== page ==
Low-Dose CT Screenings: A Vital Tool in the Fight Against Lung Cancer
Lung cancer remains one of the leading causes of cancer-related deaths worldwide, making early detection and prevention strategies crucial for improving patient outcomes.
In Kentucky, the five-year survival rate (the percent of people alive five years after being diagnosed with lung cancer) is 20 percent, which is significantly lower than the national rate of 25 percent. It ranks 42nd among the 46 states with survival data.
Low-dose CT (LDCT) screenings have emerged as a powerful tool in identifying lung cancer at its earliest stages, offering patients a higher chance of successful treatment.
Currently, there are three screening methods for lung cancer: sputum cytology (looks for cancer cells in a patient’s sputum), standard chest x-ray, and low-dose CT scan. While all three methods detect signs of lung cancer, only studies on the low-dose CT scan show an actual reduction in the likelihood of death from the disease. Additionally, the low-dose CT scan poses less risk to the patient than the regular diagnostic chest CT because the radiation exposure is much lower.
Unlike some other cancers, patients with lung cancer typically only begin showing symptoms once the disease is in its later stages and has spread to other areas of the body.
When lung cancer is detected in its earliest stage, the survival rate is 55 percent; however, only 16 percent of lung cancer cases are diagnosed this early. For those found in later stages, the five-year survival rate drops to 4 percent. This is why early-detection lung screening, like low-dose CT, is so important.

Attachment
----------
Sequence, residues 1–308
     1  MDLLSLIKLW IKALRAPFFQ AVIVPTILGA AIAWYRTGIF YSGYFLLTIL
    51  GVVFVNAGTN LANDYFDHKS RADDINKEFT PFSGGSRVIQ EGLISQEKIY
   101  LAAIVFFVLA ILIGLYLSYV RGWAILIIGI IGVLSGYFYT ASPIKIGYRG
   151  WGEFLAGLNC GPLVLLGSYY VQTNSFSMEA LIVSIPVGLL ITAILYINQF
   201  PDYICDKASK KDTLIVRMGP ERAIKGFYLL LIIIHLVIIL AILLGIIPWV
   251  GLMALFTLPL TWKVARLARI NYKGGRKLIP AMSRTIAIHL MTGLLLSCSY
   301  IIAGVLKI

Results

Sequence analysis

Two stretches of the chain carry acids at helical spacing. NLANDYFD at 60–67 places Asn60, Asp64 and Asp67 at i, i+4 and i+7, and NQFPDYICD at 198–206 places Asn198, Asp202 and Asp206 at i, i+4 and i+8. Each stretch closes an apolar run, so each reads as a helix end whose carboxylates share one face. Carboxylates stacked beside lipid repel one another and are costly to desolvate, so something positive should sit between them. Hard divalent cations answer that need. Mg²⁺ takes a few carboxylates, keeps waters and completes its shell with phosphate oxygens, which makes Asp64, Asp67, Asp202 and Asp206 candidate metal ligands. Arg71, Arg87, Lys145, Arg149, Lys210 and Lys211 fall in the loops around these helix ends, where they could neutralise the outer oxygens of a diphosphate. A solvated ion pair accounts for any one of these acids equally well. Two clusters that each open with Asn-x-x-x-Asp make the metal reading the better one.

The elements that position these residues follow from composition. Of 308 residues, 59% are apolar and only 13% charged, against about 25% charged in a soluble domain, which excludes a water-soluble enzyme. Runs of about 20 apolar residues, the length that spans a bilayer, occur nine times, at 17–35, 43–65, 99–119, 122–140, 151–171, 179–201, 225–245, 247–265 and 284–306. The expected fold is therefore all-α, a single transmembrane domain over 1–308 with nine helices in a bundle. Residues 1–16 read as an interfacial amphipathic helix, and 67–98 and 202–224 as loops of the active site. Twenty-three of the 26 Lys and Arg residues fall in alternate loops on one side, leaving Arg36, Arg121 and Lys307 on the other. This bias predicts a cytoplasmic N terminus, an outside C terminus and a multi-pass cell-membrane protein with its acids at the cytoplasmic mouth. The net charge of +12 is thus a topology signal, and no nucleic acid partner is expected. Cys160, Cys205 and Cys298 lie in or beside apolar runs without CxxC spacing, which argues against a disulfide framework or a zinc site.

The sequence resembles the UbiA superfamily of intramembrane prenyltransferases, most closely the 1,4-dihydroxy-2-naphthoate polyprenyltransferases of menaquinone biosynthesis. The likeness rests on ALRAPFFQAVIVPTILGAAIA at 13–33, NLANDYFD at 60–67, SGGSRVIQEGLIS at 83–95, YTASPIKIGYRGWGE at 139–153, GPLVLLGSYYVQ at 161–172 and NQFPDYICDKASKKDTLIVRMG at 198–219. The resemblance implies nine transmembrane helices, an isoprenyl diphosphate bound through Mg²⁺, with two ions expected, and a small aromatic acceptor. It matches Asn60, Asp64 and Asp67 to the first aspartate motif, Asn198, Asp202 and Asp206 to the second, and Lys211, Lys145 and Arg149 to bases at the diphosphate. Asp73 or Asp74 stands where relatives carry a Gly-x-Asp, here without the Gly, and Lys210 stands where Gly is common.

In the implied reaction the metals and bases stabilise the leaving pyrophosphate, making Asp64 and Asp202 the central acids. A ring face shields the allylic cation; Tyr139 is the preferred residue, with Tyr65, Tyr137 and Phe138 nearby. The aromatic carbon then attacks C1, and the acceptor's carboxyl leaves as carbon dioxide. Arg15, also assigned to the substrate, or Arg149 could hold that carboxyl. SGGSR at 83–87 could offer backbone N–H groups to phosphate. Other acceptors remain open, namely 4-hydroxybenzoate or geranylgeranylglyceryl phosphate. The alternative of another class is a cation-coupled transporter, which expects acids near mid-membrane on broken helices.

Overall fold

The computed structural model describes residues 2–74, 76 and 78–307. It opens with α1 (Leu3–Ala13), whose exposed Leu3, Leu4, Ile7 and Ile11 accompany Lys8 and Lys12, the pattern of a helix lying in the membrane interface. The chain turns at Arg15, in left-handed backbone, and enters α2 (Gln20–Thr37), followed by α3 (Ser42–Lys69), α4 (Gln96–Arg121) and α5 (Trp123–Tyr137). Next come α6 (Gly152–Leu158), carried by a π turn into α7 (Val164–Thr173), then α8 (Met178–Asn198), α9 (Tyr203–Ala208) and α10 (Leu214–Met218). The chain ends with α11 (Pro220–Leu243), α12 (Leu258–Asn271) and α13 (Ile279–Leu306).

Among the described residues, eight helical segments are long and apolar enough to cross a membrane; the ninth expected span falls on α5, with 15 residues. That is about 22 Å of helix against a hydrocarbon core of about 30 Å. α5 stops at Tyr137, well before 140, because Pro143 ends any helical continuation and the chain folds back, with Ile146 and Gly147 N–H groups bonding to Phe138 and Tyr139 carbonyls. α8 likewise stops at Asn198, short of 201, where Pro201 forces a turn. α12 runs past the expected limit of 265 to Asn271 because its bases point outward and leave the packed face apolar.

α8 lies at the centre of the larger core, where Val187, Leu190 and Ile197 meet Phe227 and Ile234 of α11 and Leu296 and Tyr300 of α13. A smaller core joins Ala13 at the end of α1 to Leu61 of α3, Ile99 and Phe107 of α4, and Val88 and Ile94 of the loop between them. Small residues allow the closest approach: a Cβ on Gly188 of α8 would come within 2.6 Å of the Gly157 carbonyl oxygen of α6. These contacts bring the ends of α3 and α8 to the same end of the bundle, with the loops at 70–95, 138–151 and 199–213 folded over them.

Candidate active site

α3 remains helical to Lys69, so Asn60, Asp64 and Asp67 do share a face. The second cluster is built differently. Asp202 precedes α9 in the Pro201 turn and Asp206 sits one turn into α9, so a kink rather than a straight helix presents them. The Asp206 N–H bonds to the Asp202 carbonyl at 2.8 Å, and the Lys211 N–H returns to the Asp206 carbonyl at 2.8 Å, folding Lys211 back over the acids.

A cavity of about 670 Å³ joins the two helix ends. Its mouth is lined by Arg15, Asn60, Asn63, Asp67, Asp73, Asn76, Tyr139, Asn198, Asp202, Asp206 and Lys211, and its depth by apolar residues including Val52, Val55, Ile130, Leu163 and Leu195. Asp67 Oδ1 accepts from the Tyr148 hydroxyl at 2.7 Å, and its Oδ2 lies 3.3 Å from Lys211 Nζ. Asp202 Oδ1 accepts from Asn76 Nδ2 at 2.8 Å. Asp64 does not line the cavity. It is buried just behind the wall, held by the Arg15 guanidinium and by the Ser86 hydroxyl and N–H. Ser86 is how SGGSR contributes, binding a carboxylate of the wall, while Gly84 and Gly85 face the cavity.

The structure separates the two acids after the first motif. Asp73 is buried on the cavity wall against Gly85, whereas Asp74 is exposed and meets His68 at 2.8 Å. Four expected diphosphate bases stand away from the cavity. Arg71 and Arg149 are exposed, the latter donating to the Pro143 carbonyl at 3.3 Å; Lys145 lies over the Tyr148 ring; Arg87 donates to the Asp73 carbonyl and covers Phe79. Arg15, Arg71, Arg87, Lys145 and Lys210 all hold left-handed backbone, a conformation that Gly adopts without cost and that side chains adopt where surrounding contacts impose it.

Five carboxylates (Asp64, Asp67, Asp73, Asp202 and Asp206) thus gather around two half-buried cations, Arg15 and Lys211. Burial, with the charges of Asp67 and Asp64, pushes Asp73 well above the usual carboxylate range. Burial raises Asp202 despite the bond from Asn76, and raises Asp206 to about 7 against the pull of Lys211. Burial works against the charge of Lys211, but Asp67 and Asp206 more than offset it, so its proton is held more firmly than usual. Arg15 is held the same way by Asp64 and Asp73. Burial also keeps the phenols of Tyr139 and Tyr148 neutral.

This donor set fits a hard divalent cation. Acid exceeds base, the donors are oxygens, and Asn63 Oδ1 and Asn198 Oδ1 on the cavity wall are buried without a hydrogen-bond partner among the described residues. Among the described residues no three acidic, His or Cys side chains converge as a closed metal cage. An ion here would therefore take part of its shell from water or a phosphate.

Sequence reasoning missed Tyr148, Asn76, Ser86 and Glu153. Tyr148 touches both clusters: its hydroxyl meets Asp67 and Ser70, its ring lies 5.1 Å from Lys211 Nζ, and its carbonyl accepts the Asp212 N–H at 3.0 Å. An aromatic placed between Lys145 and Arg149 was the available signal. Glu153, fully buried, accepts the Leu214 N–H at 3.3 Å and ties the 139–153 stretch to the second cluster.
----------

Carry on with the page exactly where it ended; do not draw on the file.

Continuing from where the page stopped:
While low-dose CT scan is an excellent screening tool, it is not recommended for everyone. Those who are candidates for this test must meet all of the following “high-risk” criteria:
If you think you are a candidate for this screening, it is important to note that some insurance plans may not cover this test. It is best to check with your insurance plan for coverage of the screening and for any additional procedures, as there may be other costs associated even if the actual screening is free. The American Lung Association offers a checklist of questions to ask your insurance provider when calling to inquire about the screening. Visit lung.org for more information.
Lung Cancer Prevention
While LDCT screenings play a vital role in early detection of lung cancer, the actual prevention of lung cancer is equally vital. Incorporating preventive measures can significantly reduce the risk of developing lung cancer, especially among high-risk individuals.
As part of National Lung Cancer Screening Day, Rockcastle Regional is partnering with UK HealthCare’s Markey Cancer Center, as part of its affiliate network, to offer a weekend option for patients to get their LDCT screening, scheduled for Saturday, November 11 from 8:00am until 12:00pm.
To schedule your LDCT screening for Saturday, November 11, please call (606) 256-7880.